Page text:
Tidal adds 24-bit 96kHz master-quality streaming to its HiFi plan

Posted 06 January 2017 23:28 CEST by Seán Byrne

The music streaming service Tidal is the first to offer master quality streaming, which it describes as “an audio experience exactly as the artist intended”.  Tidal Master songs are streamed in 24-bit audio at 96kHz, compared to the 16-bit audio at 44.1kHz as used on Audio CDs.  Customers who have the Tidal HiFi subscription can avail of the master quality streams through the desktop application.

Tidal has partnered with MQA which provides the audio codec, capable of delivering the high-resolution master stream using the same bandwidth as Tidal’s existing lossless HiFi streams.  Further information on the MQA codec is available here.  Tidal currently has over 30,000 master tracks from Warner Music Group, including music from Coldplay, Beyoncé, Jason Derulo and even older albums such as from Madonna, Phil Collins and Tom Petty.  These albums can be accessed through its desktop software by going into “What’s New” and then into “Masters” in the albums selection.

Tidal Masters albums

When music streamed in the Master format, ‘MASTER’ will appear next to the playback time indicator:

Tidal Master indicator

Up until now, Tidal has been one of the few music streaming services that offers lossless music streaming across its entire library, however, it charges a higher subscription fee of $/€19.99 per month for the lossless streams, which it calls its Tidal HiFi subscription.  Its lower tier Premium subscription plan streams music in up to 320kbps using the AAC format.  Both subscriptions also provide access to a large library of ad-free music videos.

Tidal has increased the trial period to 60 days for those interested in trying their Tidal HiFi service which includes access to the master streams and they plan making the master streams available through its mobile apps at a later stage.  According to Pitchfork, a few other music streaming services including Pandora, Rhapsody and HD Tracks are considering offering high resolution streaming.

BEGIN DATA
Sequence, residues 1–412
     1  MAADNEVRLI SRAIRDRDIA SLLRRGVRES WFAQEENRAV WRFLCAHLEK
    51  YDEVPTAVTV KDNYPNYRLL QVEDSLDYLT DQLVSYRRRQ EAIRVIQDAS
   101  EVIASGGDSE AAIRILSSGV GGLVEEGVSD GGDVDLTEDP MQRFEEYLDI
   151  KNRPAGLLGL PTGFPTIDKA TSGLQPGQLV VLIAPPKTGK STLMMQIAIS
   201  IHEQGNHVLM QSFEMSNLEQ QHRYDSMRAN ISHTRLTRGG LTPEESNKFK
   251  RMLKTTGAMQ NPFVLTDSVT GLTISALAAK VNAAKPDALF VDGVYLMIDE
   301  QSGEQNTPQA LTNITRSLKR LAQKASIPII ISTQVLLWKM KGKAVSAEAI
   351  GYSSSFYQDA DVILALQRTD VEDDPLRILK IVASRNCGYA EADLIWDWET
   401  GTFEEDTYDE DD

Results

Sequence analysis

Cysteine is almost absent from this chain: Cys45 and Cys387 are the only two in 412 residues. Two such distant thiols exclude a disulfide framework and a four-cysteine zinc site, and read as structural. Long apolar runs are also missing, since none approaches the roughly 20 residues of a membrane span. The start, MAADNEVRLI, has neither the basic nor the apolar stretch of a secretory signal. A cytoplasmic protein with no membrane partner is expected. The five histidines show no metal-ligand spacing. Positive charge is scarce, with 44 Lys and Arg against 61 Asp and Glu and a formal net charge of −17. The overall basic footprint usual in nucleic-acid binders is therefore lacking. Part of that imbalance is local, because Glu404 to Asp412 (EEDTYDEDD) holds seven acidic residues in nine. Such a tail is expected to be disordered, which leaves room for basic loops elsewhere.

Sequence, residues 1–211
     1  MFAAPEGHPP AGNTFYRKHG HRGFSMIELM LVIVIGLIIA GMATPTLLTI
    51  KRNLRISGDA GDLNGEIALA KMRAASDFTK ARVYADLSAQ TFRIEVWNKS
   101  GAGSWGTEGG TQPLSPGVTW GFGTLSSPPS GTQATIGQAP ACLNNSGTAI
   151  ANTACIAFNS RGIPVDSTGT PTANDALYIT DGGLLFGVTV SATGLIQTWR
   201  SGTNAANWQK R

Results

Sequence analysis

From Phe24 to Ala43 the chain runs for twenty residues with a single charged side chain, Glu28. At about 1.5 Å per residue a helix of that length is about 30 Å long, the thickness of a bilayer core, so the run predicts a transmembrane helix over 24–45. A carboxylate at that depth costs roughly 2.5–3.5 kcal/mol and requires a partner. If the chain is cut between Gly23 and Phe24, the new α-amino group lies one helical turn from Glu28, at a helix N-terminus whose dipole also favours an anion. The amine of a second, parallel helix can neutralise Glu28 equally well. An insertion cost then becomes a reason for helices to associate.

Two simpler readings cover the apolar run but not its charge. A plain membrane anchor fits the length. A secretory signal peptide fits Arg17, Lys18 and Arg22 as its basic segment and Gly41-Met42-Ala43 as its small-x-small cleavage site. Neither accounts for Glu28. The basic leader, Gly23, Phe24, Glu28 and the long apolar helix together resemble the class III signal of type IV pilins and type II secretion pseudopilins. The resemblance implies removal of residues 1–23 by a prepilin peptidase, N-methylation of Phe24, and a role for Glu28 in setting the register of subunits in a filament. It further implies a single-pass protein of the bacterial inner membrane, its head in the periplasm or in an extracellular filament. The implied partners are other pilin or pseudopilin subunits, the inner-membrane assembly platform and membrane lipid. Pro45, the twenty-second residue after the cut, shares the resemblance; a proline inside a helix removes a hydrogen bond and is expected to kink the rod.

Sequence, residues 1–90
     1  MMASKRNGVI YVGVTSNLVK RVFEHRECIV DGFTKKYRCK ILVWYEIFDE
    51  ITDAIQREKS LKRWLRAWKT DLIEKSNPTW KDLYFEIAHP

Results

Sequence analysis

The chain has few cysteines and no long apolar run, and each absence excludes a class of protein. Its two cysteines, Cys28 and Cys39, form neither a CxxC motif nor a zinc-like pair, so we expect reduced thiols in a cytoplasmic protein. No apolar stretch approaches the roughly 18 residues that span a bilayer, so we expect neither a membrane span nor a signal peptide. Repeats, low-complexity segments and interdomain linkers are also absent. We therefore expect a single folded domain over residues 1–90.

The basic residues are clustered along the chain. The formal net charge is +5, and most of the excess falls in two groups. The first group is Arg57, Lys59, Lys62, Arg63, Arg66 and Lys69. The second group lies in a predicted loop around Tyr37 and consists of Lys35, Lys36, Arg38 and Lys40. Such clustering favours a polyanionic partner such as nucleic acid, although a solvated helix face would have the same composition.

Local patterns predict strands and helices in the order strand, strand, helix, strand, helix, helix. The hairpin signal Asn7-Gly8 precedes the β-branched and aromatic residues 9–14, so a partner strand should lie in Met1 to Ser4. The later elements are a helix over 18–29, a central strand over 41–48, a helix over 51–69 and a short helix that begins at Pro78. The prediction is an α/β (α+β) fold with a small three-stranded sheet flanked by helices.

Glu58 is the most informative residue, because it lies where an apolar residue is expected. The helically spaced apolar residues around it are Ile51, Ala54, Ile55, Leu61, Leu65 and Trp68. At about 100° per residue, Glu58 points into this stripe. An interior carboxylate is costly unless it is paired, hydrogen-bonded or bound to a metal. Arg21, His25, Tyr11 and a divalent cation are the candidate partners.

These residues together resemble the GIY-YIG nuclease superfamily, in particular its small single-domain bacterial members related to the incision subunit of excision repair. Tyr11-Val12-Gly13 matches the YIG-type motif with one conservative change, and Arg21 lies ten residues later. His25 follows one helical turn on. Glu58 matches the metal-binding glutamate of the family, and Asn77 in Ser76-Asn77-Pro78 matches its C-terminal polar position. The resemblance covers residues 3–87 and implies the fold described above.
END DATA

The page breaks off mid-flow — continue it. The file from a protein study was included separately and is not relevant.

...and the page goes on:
MyCE Resident
Posted on: 06 Jan 17 23:27
If it wasn't recorded originally at 24/96 it's not HD audio no matter what bit bucket they put it in so it's not going to sound ant better then CD quality recordings and the file will be bigger for no gain at all.
2 Agree

MyCE Resident
Posted on: 07 Jan 17 04:17
Yeah, reality check: If it's lossy compressed then its not "master quality" anyway.
0 Agree

Senior Administrator & Reviewer
Posted on: 08 Jan 17 21:06
After trying the Tidal for a few weeks (30 day trial), I've decided to cancel it over its app.

Initially when I installed the app, it kept throwing up authorisation errors. When I tried downloading songs for offline playback, it told me it could not authorise my phone for offline playback. I then tried the 'Authorise this device' option and it told me it is already authorised and finally when I tried deauthorising it, it said it could not deauthorise the device.

So I contacted their technical support and they came back saying to log out and log back in and that seemed to do the trick and lasted until about a week ago.

Now when I listen to music in the app, the first song will play fine and the next song blares out like a very heavily overloaded amplifier. I tried several troubleshooting steps including clearing the app cache, etc. but ended up with the same blaring noisy audio once a track ended. It sure gave me a jump the first time it happened while I had headphones on!

So it's back to Google Music, especially with the 4 month trial period which it surprisingly let me avail of despite cancelling my subscription just a few weeks ago. It also has its bugs and not quite high fidelity, but at least does not throw up authorisation error nonsense or try deafening me when it goes wrong.

For anyone with high end audio equipment, don't try connecting your phone/tablet to it with the Tidal app as I'm fairly sure blaring clipping noise and high end audio gear don't mix well...
0 Agree

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